LONDON — The crowd at Arsenal's scruffy Highbury stadium started singing early Saturday afternoon and but for some dry-throated minutes when their team spotted a goal to visiting Leicester City, picked up the choruses of "We Are Unbeatable" as two goals from the home side sealed a 2-1 win and a remarkable undefeated season.
It was the first time an English soccer team has gone through a season in the top division without a loss since the Preston North End "Invincibles" kept a clean slate in the loss column over a 22-game season in 1889.
Arsenal won 26 games and tied 12 in what will remain a bittersweet year, in which the club's main ambition of a European Champions League title was snuffed out in the continental tournament's quarterfinal round. Yet it ended in the sunshine of a May afternoon, with its trademark high-octane passing game producing goals by Thierry Henry and Patrick Vieira and punching holes through a Leicester defense that looked as if it were playing uphill against the onslaught.
Arsenal has emerged as the elite team of England's Premiership in the last few seasons, largely on the strength of a roster filled with non-English players. Its starting 11 includes only two English-born regulars, the rest a cosmopolitan brew of French, Dutch, Cameroonians and Brazilians that has won admirers across Europe for its fluid, aggressive style.
The club was assembled by shrewd French Coach Arsene Wenger, and its soul remains French, borrowing heavily from that country's national team for its core: It is built around the clattering tackles of central midfielder Vieira, the creative playmaking of winger Robert Pires and the athletic exuberance of striker Henry.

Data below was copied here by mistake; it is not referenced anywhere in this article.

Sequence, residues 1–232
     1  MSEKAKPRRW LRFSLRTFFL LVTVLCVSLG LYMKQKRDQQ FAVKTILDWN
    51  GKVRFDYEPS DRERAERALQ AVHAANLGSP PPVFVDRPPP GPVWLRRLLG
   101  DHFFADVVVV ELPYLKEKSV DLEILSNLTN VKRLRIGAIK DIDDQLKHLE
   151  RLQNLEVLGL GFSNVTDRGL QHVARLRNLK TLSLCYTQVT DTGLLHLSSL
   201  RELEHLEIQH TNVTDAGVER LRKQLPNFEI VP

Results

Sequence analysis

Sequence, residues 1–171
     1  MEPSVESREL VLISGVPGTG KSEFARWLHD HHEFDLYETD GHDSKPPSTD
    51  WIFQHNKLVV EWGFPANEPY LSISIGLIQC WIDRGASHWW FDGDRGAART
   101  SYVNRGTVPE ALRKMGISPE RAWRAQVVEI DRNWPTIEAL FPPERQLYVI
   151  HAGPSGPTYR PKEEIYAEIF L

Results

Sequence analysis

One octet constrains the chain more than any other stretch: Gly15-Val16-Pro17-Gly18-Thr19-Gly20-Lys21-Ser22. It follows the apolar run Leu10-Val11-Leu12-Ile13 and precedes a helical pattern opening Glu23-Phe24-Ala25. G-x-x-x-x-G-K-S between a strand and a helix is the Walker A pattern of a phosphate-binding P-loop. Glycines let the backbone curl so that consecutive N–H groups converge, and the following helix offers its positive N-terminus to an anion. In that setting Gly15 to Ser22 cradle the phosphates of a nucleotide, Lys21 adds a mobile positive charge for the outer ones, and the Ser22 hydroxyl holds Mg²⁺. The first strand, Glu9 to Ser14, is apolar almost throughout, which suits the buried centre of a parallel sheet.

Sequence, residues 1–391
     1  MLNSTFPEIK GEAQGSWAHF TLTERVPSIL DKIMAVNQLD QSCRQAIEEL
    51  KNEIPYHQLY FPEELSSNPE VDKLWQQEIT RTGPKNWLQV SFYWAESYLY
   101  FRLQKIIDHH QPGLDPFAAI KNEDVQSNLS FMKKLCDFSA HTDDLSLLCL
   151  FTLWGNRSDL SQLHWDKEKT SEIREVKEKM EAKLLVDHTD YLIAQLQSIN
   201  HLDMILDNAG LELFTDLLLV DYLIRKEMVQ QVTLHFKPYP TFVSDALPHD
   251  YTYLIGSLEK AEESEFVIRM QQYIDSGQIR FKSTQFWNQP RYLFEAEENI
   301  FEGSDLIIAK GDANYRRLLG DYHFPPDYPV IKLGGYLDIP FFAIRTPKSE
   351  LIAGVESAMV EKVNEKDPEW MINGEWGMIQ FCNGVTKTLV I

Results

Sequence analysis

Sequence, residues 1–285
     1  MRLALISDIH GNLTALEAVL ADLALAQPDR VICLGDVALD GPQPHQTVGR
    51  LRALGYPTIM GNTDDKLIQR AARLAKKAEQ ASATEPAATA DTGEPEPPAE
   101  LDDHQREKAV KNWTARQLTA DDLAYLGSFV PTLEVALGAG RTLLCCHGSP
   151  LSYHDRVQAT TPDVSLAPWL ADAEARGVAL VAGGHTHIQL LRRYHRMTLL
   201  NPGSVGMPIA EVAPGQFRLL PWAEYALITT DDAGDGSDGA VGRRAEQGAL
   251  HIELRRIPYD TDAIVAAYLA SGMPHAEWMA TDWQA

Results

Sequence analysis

But Arsenal's championship also underscored the defining characteristic of England's modern game: But for wealthy rivals Manchester United and Chelsea, the competitive level has tailed off noticeably in the last few years as a few clubs grow richer, are able to buy the world's top players, and watch the rest of the league slip into near-competitive irrelevancy.
The result is a mini-competition involving three clubs, with the rest of the 20-team league clawing to avoid finishing in the bottom three and being dropped to a lower division. Liverpool, this season's fourth-place finisher, ended up 30 points behind Arsenal.
Arsenal's title was its third in seven years, while Manchester United is the only other club to have won the championship since 1996. The top teams may play with speed and imagination, but as Guardian football writer David Lacey noted Saturday: "Arsenal are the golden tip of a nickel-plated competition." None of that mattered to Arsenal fans who spilled onto the streets of north London to celebrate their team's achievement. Highbury is sometimes known as "The Library" because the home fans tend toward polite restraint. But there was plenty of singing on this day, as trophies were awarded and history made.
"They're not foreigners; they're just our boys," said a joyous Ian Stone, who has the benefit of season tickets at midfield to admire Henry and his teammates. "The English may have an ambivalent attitude toward the French as a whole, but as individuals they really seem up for the fight. Vieira is an enormous hero at Highbury."
Wenger also has plenty of admirers. It was Wenger's eye for talent that brought in Henry and Vieira from the Italian league, where each had yet to become a superstar.
That they saved for England.
"I think this is the best title win, because we have always been at the top and to lead from the front is difficult and not to lose a game is amazing," Wenger said Saturday after the spotless season.
Even with the high number of points to be had by bottom-feeding off the weaker teams, an undefeated season remains a tough road, requiring not only handling Manchester United and Chelsea twice a season but maintaining the concentration to stave off defeats on sleepy winter nights against the Evertons and Wolverhamptons.
Yet it's clear that Wenger has grander ambitions for Arsenal than merely racking up English league championships. "These players want to get better, and I'm confident they want more," he said. Wenger knows that football's road to glory now leads through European titles, and by turning the club name into a global brand.
To do so, even Highbury itself must be sacrificed. The club is building a stadium around the corner, a 60,000-seater that will open in 2007 with the requisite cushy frills to keep corporate clients happy and the money for talent flowing.
Highbury will be converted into apartments. And the field where championships and hearts were won will become a garden.